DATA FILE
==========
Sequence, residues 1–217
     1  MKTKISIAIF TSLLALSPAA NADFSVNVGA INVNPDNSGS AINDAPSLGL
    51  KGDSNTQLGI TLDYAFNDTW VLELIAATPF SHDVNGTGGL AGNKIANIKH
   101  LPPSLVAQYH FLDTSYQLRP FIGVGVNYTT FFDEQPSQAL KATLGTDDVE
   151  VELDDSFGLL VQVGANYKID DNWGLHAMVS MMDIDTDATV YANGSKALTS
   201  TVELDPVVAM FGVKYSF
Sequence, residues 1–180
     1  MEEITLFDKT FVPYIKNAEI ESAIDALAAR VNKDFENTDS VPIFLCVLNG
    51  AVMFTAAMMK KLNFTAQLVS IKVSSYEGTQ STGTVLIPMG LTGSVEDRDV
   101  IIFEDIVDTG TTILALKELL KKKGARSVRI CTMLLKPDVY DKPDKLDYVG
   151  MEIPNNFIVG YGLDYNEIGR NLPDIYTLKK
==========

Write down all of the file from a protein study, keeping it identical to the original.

Sequence, residues 1–217
     1  MKTKISIAIF TSLLALSPAA NADFSVNVGA INVNPDNSGS AINDAPSLGL
    51  KGDSNTQLGI TLDYAFNDTW VLELIAATPF SHDVNGTGGL AGNKIANIKH
   101  LPPSLVAQYH FLDTSYQLRP FIGVGVNYTT FFDEQPSQAL KATLGTDDVE
   151  VELDDSFGLL VQVGANYKID DNWGLHAMVS MMDIDTDATV YANGSKALTS
   201  TVELDPVVAM FGVKYSF
Sequence, residues 1–180
     1  MEEITLFDKT FVPYIKNAEI ESAIDALAAR VNKDFENTDS VPIFLCVLNG
    51  AVMFTAAMMK KLNFTAQLVS IKVSSYEGTQ STGTVLIPMG LTGSVEDRDV
   101  IIFEDIVDTG TTILALKELL KKKGARSVRI CTMLLKPDVY DKPDKLDYVG
   151  MEIPNNFIVG YGLDYNEIGR NLPDIYTLKK